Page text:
Do You Get Extra Social Security for Military Service?

Some veterans are eligible for extra social security credits. Learn how your Social Security pay is impacted by military service and get tips on how to increase your benefits.
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Table of Contents
  1. Can I get military retirement pay and Social Security? 
  2. Do I get extra Social Security for military service?
    1. If You Served Between 1940 and 1956
    2. If You Served Between 1956 and 1978 
    3. If You Served Between 1978 and 2001
  3. How to Apply for Social Security Benefits
  4. When Should You Apply for Social Security Benefits?
    1. Delaying Social Security Benefits can Result in Higher Payments 
    2. How much do you lose taking Social Security early?
  5. Tips to Increase Your Social Security Benefits
    1. Tip #1: Your Retirement Age Affects Your Benefits
    2. Tip #2: Working While Receiving Benefits Can Impact Your Income
    3. Tip #3: Your Social Security Benefit May Be Taxable
    4. Tip #4: Pay Attention to Social Security Statements
    5. Tip #5: Social Security Benefits May Increase to Keep Up With Inflation
    6. Tip #6: Avoid Garnishments That Reduce Your Benefits.
  6. Use this Information to Assist Your Retirement Planning

The transition to civilian life has many financial planning milestones—one of the most vital involves understanding how military service influences Social Security benefits. The intersection of military benefits and Social Security might seem complex, but understanding it can help ensure you retire with enough money to live comfortably.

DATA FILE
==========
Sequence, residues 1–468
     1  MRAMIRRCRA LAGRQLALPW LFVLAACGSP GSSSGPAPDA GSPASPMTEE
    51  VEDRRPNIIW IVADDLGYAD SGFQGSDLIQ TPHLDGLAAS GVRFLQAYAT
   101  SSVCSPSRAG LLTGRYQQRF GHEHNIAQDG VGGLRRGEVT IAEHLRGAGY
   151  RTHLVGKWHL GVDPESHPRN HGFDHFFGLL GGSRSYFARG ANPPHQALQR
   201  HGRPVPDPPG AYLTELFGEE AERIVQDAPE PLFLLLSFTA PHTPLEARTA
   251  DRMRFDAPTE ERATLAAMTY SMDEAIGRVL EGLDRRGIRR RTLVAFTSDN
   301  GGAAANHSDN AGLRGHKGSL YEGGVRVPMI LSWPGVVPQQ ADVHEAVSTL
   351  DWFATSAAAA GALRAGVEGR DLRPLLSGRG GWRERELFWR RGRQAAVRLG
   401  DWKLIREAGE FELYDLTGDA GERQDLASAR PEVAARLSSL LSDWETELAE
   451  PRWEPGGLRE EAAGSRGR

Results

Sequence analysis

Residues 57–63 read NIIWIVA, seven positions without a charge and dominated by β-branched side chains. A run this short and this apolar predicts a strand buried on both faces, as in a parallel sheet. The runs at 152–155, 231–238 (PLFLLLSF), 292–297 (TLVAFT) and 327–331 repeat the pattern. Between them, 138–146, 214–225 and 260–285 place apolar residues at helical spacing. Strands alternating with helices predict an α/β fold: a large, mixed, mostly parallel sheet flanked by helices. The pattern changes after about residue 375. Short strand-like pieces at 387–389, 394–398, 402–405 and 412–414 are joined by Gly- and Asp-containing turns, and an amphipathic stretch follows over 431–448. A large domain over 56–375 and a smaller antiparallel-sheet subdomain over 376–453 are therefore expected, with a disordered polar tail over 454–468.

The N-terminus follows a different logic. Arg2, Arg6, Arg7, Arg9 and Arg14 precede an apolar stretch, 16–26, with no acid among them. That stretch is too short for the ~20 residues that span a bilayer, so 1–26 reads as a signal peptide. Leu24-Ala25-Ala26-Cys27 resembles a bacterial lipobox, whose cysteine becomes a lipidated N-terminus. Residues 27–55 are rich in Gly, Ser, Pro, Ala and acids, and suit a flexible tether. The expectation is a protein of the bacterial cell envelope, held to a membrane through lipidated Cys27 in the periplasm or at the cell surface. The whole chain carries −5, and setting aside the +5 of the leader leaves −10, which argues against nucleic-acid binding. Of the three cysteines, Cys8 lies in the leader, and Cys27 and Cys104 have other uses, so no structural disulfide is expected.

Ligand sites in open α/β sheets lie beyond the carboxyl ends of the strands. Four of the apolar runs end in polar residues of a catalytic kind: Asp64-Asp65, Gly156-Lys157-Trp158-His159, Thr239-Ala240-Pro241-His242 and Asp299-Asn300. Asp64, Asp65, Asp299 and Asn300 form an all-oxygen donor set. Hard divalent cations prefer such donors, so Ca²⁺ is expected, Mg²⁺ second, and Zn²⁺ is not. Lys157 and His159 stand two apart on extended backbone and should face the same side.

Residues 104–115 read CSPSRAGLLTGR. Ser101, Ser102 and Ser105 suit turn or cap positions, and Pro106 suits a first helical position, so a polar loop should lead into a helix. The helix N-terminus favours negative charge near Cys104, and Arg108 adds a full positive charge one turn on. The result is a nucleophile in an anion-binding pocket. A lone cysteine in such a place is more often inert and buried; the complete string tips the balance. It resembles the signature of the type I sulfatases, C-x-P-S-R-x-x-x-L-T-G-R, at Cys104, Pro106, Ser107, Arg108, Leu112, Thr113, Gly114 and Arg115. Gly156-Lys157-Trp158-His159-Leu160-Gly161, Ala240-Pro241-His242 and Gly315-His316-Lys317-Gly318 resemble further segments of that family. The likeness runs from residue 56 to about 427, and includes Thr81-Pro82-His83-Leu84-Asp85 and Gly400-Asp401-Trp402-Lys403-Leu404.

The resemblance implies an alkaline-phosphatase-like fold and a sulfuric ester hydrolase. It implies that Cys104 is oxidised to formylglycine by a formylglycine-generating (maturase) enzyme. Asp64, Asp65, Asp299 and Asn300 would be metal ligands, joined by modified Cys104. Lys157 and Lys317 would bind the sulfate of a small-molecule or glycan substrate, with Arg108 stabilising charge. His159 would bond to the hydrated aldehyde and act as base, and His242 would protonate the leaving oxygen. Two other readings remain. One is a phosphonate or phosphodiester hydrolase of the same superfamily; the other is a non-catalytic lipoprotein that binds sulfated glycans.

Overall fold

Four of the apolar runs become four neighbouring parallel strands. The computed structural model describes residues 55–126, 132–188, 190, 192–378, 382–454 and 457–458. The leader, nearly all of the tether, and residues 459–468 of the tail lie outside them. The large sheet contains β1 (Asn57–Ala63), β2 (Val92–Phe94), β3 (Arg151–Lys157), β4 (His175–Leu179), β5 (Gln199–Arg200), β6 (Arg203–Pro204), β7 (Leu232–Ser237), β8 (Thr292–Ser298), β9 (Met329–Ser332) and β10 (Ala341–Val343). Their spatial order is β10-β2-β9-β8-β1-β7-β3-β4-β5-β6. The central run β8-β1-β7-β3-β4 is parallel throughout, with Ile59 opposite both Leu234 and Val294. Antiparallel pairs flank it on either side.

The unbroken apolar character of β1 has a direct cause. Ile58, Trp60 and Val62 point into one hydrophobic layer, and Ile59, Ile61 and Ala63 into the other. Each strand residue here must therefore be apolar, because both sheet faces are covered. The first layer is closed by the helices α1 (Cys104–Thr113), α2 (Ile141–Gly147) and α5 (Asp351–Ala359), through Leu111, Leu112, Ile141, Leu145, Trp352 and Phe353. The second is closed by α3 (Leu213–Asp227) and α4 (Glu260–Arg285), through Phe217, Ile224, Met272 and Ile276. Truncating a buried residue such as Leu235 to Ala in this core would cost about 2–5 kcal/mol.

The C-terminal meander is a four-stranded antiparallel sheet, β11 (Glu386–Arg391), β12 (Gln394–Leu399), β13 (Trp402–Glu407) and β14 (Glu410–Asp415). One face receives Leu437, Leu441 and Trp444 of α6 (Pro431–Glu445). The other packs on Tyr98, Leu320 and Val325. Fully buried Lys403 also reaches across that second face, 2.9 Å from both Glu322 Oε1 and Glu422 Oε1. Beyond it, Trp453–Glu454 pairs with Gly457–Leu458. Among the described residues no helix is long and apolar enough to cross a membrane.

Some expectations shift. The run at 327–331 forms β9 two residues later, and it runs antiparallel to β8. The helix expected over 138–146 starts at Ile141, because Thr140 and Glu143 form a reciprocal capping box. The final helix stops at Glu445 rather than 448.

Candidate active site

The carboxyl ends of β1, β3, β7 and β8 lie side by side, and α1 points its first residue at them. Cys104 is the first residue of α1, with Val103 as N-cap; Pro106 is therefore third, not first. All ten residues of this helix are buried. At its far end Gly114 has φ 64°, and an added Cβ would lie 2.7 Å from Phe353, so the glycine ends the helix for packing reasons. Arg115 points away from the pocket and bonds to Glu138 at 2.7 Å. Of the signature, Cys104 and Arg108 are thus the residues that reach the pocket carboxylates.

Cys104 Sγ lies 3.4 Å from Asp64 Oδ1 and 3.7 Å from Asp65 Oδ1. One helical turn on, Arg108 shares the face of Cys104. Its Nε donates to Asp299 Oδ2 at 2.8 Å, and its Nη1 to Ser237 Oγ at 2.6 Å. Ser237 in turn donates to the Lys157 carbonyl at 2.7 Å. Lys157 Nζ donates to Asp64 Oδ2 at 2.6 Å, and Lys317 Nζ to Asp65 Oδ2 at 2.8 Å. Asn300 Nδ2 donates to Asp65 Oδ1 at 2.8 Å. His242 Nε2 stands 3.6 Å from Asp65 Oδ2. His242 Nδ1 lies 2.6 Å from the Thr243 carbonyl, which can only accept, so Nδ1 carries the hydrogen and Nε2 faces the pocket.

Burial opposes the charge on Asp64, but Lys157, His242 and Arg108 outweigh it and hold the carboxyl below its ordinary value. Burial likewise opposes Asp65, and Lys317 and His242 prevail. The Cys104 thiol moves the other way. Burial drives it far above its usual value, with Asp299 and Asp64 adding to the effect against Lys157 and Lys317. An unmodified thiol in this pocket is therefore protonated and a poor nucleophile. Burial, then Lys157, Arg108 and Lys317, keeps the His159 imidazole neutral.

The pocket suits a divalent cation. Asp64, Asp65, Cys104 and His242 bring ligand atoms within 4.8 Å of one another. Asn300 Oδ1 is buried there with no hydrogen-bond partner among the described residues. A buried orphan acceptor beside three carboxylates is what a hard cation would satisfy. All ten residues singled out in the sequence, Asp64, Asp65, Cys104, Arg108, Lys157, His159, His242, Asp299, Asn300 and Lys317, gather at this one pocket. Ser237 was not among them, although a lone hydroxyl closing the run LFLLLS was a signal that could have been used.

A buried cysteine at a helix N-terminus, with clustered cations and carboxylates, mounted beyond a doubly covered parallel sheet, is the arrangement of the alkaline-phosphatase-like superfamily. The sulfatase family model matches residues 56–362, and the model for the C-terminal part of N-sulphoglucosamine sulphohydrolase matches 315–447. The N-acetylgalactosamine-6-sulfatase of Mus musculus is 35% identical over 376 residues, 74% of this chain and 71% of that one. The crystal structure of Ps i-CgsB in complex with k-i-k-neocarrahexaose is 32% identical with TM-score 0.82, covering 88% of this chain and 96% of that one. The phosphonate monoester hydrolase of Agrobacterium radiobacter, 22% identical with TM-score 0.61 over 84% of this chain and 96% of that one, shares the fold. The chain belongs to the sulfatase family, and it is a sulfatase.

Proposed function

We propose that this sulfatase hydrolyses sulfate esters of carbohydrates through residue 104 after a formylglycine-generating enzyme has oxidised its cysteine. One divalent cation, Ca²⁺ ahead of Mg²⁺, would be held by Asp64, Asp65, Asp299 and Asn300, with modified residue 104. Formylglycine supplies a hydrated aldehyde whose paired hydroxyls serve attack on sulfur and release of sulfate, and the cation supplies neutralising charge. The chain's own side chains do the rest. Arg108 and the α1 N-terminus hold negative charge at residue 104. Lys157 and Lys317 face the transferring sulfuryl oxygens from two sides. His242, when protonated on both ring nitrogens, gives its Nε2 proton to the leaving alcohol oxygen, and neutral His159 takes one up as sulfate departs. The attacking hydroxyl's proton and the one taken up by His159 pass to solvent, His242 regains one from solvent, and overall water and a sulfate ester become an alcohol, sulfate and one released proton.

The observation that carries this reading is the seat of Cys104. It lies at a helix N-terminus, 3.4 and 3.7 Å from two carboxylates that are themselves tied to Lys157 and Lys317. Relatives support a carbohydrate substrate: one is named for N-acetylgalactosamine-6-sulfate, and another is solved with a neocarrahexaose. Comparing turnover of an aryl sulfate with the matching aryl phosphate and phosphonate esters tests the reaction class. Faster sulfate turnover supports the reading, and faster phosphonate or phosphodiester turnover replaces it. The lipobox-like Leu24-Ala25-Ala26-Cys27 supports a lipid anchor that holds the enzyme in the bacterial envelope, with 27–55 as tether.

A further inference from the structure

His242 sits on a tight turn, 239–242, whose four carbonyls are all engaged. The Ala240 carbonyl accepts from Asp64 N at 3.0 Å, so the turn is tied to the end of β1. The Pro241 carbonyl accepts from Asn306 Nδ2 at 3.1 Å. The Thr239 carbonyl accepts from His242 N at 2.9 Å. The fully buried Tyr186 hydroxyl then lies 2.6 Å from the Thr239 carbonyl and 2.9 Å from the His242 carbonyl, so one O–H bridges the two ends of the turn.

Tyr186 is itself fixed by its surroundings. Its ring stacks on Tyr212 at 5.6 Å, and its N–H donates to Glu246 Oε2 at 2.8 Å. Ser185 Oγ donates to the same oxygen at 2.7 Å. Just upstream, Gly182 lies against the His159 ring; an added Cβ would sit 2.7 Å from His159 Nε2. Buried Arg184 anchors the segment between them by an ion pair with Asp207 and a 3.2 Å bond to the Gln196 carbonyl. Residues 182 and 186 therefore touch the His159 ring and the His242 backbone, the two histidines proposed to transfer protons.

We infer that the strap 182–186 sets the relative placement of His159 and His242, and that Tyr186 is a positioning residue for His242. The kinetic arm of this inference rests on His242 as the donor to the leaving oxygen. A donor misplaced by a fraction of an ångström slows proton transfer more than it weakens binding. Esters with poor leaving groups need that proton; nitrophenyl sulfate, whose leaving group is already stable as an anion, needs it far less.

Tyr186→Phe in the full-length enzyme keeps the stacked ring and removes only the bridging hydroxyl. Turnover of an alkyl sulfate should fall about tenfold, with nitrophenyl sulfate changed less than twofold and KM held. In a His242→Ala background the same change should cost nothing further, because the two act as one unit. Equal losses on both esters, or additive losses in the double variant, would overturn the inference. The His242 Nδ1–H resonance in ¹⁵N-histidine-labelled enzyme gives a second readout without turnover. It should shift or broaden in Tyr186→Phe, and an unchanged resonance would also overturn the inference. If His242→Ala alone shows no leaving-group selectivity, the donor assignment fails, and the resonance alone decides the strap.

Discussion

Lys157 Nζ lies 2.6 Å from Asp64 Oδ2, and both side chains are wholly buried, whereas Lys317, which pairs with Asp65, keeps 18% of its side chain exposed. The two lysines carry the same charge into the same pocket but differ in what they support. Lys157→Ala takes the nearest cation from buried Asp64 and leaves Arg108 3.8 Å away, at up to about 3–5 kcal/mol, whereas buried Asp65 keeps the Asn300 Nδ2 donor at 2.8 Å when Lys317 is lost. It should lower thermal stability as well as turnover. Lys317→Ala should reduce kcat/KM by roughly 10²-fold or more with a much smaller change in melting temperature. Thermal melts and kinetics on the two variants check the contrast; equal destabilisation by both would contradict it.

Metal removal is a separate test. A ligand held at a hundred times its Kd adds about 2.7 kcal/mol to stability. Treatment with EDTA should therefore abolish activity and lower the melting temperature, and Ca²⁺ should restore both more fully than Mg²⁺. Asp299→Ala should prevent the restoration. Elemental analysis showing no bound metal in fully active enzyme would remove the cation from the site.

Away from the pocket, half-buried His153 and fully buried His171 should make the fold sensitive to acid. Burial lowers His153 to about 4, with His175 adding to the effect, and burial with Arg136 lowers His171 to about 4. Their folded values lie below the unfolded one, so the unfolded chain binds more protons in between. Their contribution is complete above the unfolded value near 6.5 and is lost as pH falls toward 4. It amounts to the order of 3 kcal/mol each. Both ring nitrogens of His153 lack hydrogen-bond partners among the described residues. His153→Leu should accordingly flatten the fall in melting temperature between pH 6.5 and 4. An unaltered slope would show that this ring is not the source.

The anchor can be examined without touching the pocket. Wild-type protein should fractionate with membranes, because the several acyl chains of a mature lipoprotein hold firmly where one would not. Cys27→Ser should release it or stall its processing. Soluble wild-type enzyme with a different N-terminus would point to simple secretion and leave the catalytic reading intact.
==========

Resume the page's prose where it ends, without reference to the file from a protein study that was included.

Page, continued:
In this article, we’ll cover how military service and military retirement pay affect Social Security, along with 6 tips you can use to increase your Social Security benefits. 

We also have a detailed page that explains Social Security benefits for veterans with disabilities.

Can I get military retirement pay and Social Security? 

Yes, servicemembers can receive both military retirement and Social Security benefits without reducing their Social Security pay.

Just like civilian employees, military members pay Social Security taxes on their earnings, meaning they contribute to the Social Security system and are eligible for Social Security benefits upon reaching retirement age. 

Furthermore, veterans who served during certain years are eligible for extra Social Security benefits. 

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Do I get extra Social Security for military service?

Yes, you are eligible for additional Social Security credits if you served in the military between 1940 and 2001. Military service after 2001 is not eligible for these extra Social Security credits. 

A Social Security credit is a basic unit used to calculate eligibility for Social Security benefits. These credits are essentially how the Social Security Administration (SSA) keeps track of how long you’ve worked and contributed to the Social Security system through payroll taxes. You earn these credits based on your yearly work income, and the more credits you’ve earned and the longer you’ve worked, the higher your benefit amount will be.

The credits you earn for military service are factored into your lifetime earnings and used to calculate your Social Security Benefits. How much this impacts your Social Security pay depends on when you served and for how long. 

If You Served Between 1940 and 1956